I recently joined a firm and when analyzing their environment I noticed that the SharePoint web.config had the trust level set to Full. I know this is an absolutely terrible practice and was hoping the stackoverflow community could help me outline the flaws in this decision.
Oh, it appears this decision was made to allow the developers to deploy dlls to the Bin folder without creating CAS policies. Sigh.
Just want to clarify and make matters worse, we are also deploying third party code to this web application.
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The book, "Programming Microsoft ASP.Net 3.5", by Dino Espisito provides some sound reasoning for not allowing Full Trust in ASP.Net applications..
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Among other reasons, Dino states that web applications exposed to the internet are "one of the most hostile environments for computer security you can imagine." And:.
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a publicly exposed fully trusted application is a potential platform for hackers to launch attacks.I'm surprised the StackOverflow community did not outline the problem with Full Trust better.
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The less an application is trusted, the more secure that application happens to be..
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I was hoping for the same thing so I didn't have to go digging through my pile of books to find the answer, lazy me..
Changing security practices is always tough - like when I had to convince my boss that using the SA accounts in the SQL connection string of our web applications was a bad idea - but hang in there.. Full Trust allows the application to escalate to control of any resource on the computer.
While you'd have to have a security flaw in your application to allow these, and they'll probably claim that they've prevented any escalations through astute programming, remind them that in the case that something happens, wouldn't they rather the web application didn't have control of the whole computer? I mean, just in case?. EDIT: I was a little overzealous with my language here.
Full Trust would allow the application to control whatever it wants, but only if the Application Pool process has sufficient rights to do it.
So if you're running as a limited user with no rights on the server except what the applicaition needs, then I suppose there's essentially no risk to "Full Trust".
The reality is that the app pool owner most likely has a number of rights you wouldn't want your app to have (and in some cases, many, many more), so it's much safer to limit app security and grant additional rights needs individually to the application.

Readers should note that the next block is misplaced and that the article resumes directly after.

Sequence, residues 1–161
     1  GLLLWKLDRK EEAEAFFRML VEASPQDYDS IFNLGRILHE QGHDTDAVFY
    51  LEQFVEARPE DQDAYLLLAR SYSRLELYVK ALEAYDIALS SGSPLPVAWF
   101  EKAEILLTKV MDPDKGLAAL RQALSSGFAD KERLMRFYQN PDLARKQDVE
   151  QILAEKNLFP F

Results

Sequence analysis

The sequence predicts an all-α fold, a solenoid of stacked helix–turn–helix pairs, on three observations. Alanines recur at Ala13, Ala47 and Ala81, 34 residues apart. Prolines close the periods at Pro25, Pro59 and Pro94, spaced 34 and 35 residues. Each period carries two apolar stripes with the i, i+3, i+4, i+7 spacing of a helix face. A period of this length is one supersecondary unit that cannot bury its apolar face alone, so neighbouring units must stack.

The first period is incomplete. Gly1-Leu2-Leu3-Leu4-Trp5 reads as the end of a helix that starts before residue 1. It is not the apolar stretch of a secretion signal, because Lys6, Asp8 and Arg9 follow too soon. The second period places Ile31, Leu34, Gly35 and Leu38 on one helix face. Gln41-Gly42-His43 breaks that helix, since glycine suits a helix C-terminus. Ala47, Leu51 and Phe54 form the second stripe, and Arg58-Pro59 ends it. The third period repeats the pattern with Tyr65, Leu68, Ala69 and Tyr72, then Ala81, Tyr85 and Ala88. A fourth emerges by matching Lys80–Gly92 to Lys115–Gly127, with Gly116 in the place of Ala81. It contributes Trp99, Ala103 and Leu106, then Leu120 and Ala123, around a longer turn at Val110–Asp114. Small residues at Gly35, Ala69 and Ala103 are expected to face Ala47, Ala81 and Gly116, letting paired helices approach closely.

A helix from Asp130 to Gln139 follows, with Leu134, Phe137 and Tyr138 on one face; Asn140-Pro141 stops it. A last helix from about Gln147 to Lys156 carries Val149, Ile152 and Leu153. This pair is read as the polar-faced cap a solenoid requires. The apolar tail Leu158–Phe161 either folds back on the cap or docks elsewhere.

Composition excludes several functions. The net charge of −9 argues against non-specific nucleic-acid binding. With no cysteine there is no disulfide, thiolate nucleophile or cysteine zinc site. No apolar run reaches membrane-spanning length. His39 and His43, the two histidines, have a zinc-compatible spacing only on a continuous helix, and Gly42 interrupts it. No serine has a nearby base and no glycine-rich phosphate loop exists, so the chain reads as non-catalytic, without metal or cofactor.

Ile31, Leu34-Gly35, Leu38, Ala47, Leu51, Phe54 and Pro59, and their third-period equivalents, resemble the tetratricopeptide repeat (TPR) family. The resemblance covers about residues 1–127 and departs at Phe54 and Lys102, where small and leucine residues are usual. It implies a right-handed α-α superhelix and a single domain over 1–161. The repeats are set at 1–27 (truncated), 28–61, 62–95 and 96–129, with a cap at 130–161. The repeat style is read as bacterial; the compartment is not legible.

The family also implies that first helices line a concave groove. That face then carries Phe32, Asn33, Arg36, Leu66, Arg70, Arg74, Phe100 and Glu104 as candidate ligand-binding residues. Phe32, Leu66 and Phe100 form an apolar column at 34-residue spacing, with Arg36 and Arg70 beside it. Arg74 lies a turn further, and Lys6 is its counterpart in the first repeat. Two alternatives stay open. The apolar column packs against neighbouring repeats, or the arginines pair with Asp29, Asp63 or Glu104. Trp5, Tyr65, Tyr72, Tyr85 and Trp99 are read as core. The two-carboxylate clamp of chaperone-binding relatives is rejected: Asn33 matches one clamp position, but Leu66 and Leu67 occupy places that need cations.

Thanks for the correction, Barry..
But the most damning thing is straight out of the CAS utility:. "...it allows full access to your computer's resources such as the file system or network access, potentially operating outside the control of the security system.". That means, code granted Full Trust can execute any other piece of code (managed or otherwise) on the system, can call across the network to any machine, can do anything in the file system (including changing permissions on restricted files - even OS files).. Most web programmers would say "that's not a problem, it's just my code," which is fine....
until a security flaw crops up in their code that allows an attacker to use it to do unsavoury things.
Then previously-granted Full Trust becomes quite unfortunate..
. Take a look at the following page to see what can and cannot be done based on trust levels http://msdn.microsoft.com/en-us/library/ms916855.aspx. One problem I ran into immediately was I could not use the Caching Application Block.
We were using this application block instead of the ASP.NET caching because we had used an MVP pattern and may open up a win forms application.
. Another problem is no reflection, this caused the About page to fail because the version number is pulled from the metadata of the assembly.
. I think the best solution is to not use Sharepoint as an application host.
I would only use Sharepoint as an application host if the amount of coding was so small that it didn't affect the trust level and it would be less work then setting up a new application.
If you are doing some type of coding which is starting to hit the walls of the trust level, move your application into a proper ASP.NET enviroment.
But that is just me, and I am biased.
Maybe you should try to aim for a Medium trust level compromise.
so I can deploy to the BIN when building new code.
I trust my own code and run it in the GAC on production because creating CAS policies is a pain.
. The third party thing would have me worried..
however:. Most 3rd party solutions found on the web also deploy to the GAC (assuming for the same reasons).
This gives them all rights regardless of trust level.
Feels like it has more to do with if you trust the 3rd parties or not..
and do you really trust your own developers?. What would a hacker do? The scenario where a hacker drops an evil dll in your BIN folder I don't see as very realistic..
regardless if he can do that he can also probably change the trust level..